Too many times I watched them flare, and then
Fall to forsaken embers in the autumn.
And I was sick of all things — even song.
In the dull autumn dawn I turned to death,
Buried my living body in the sea,
The strong cold sea that takes and does not give —
But there is one more strong, the Cyprian.
Litis, to wake from sleep and find your eyes
Met in their first fresh upward gaze by love,
Filled with love's happy shame from other eyes,
Dazzled with tenderness and drowned in light
As tho' you looked unthinking at the sun,
Oh Litis, that is joy! But if you came
Not from the sunny shallow pool of sleep,
But from the sea of death, the strangling sea
Of night and nothingness, and waked to find
Love looking down upon you, glad and still,
Strange and yet known forever, that is peace.
So did he lean above me. Not a word
He spoke; I only heard the morning sea
Singing against his happy ship, the keen
And straining joy of wind-awakened sails
And songs of mariners, and in myself
The precious pain of arms that held me fast.
They warmed the cold sea out of all my blood;
I slept, feeling his eyes above my sleep.
There on the ship with wines and olives laden,
Led by the stars to far invisible ports,
Egypt and islands of the inner seas,
Love came to me, and Cercolas was love.
I was a queen, and I have lost my crown;
A wife, and I have broken all my vows;
A lover, and I ruined him I loved: --
There is no other havoc left to do.
A little month ago I was a queen,
And mothers held their babies up to see
When I came riding out of Camelot.
The women smiled, and all the world smiled too.
And now, what woman's eyes would smile on me?
I still am beautiful, and yet what child
Would think of me as some high, heaven-sent thing,
An angel, clad in gold and miniver?
The world would run from me, and yet am I
No different from the queen they used to love.
If water, flowing silver over stones,
Is forded, and beneath the horses' feet
Grows turbid suddenly, it clears again,
And men will drink it with no thought of harm.
Yet I am branded for a single fault.
I was the flower amid a toiling world,
Where people smiled to see one happy thing,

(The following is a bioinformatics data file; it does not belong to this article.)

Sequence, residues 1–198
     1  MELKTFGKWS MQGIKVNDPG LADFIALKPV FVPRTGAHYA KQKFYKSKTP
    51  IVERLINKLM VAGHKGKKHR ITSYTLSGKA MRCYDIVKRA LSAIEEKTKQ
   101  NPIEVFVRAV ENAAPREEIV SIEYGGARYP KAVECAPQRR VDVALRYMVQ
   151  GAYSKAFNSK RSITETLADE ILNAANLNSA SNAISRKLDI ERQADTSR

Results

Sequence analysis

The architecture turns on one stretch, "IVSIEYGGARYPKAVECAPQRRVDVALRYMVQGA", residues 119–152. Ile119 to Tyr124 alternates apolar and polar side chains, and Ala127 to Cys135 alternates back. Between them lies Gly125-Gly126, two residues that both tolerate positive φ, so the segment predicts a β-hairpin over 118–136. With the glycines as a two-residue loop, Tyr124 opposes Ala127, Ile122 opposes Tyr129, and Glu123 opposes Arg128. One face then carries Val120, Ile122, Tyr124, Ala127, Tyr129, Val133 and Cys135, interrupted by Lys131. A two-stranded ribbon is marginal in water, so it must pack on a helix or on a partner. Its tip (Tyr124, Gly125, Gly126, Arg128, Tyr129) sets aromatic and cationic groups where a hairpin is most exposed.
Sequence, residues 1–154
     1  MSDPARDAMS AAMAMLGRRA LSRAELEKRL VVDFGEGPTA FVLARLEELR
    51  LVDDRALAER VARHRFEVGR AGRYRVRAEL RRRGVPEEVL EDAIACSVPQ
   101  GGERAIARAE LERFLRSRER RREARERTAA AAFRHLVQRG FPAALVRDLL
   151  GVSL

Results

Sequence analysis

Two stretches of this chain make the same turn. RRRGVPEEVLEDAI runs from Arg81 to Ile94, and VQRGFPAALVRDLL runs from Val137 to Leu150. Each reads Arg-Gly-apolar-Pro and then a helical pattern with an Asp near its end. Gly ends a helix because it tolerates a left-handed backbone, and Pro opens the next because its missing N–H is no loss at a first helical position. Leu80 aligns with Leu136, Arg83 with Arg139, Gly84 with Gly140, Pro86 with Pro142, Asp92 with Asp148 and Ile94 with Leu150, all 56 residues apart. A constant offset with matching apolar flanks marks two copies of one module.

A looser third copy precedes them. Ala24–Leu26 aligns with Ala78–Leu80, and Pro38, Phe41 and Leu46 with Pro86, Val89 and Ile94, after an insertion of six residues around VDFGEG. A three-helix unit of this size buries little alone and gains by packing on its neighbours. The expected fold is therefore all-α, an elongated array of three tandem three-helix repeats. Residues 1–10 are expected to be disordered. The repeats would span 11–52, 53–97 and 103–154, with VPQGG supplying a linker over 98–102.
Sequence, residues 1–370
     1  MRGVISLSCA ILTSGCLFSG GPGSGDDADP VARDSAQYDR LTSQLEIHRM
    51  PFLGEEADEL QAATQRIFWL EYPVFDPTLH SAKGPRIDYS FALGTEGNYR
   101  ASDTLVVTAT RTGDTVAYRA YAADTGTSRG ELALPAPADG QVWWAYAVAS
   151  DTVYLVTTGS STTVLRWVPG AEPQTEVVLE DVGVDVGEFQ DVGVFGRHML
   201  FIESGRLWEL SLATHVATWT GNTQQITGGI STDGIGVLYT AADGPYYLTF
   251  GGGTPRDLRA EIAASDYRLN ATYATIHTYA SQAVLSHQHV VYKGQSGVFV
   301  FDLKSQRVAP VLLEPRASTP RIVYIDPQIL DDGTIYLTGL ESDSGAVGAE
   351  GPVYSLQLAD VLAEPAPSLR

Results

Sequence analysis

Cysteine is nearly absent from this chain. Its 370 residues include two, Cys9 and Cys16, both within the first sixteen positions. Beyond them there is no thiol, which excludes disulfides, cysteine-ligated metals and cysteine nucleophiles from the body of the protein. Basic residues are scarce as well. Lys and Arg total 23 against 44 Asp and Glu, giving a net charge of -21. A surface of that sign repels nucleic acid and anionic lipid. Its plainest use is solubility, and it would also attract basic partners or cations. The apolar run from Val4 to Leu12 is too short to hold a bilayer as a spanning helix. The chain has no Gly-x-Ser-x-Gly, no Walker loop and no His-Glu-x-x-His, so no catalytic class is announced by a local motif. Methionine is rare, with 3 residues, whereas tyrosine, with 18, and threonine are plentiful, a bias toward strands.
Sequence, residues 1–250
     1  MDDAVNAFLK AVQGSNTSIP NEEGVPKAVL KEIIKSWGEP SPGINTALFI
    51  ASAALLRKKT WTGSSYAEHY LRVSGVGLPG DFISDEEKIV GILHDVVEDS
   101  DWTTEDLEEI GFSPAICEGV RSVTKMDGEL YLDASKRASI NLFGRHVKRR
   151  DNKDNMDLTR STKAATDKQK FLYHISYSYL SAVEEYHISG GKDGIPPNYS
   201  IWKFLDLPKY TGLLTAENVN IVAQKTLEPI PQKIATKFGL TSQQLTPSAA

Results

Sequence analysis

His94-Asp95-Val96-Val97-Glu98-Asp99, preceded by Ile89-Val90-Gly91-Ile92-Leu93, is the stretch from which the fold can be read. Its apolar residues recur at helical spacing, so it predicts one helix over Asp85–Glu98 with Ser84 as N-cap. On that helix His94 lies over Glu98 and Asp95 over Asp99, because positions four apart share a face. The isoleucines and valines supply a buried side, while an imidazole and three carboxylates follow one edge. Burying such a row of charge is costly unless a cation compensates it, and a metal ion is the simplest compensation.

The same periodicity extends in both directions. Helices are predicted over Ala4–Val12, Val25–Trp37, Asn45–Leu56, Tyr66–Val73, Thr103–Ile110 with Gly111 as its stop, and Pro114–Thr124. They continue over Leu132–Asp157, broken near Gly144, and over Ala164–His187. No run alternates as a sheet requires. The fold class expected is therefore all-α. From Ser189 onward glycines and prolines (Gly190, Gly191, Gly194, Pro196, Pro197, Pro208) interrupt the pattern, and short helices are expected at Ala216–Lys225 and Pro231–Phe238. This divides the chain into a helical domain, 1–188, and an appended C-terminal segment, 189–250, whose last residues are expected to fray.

And they were proud and glad to raise me high;
They only asked that I should be right fair,
A little kind, and gowned wondrously,
And surely it were little praise to me
If I had pleased them well throughout my life.
I was a queen, the daughter of a king.
The crown was never heavy on my head,
It was my right, and was a part of me.
The women thought me proud, the men were kind,
And bowed right gallantly to kiss my hand,
And watched me as I passed them calmly by,
Along the halls I shall not tread again.
What if, to-night, I should revisit them?
The warders at the gates, the kitchen-maids,
The very beggars would stand off from me,
And I, their queen, would climb the stairs alone,
Pass through the banquet-hall, a loathed thing,
And seek my chambers for a hiding-place,
And I should find them but a sepulchre,
The very rushes rotted on the floors,
The fire in ashes on the freezing hearth.
I was a queen, and he who loved me best
Made me a woman for a night and day,
And now I go unqueened forevermore.
A queen should never dream on summer eves,
When hovering spells are heavy in the dusk: --
I think no night was ever quite so still,
So smoothly lit with red along the west,
So deeply hushed with quiet through and through.
And strangely clear, and deeply dyed with light,
The trees stood straight against a paling sky,
With Venus burning lamp-like in the west.
I walked alone amid a thousand flowers,
That drooped their heads and drowsed beneath the dew,
And all my thoughts were quieted to sleep.
Behind me, on the walk, I heard a step --
I did not know my heart could tell his tread,
I did not know I loved him till that hour.
Within my breast I felt a wild, sick pain,
The garden reeled a little, I was weak,
And quick he came behind me, caught my arms,
That ached beneath his touch; and then I swayed,
My head fell backward and I saw his face.
All this grows bitter that was once so sweet,
And many mouths must drain the dregs of it.
But none will pity me, nor pity him
Whom Love so lashed, and with such cruel thongs.
I cannot heed the words they say,
The lights grow far away and dim,
Amid the laughing men and maids
My eyes unbidden seek for him.
I hope that when he smiles at me
He does not guess my joy and pain,
For if he did, he is too kind
To ever look my way again.
I have a secret in my heart
No ears have ever heard,
And still it sings there day by day
Most like a caged bird.
And when it beats against the bars,
I do not set it free,
For I am happier to know
It only sings for me.
I wrote his name along the beach,
I love the letters so.
Far up it seemed and out of reach,
For still the tide was low.
But oh, the sea came creeping up,
And washed the name away,
And on the sand where it had been
A bit of sea-grass lay.
A bit of sea-grass on the sand,
Dropped from a mermaid's hair --
Ah, had she come to kiss his name
And leave a token there?
What am I that he should love me,
He who stands so far above me,
What am I?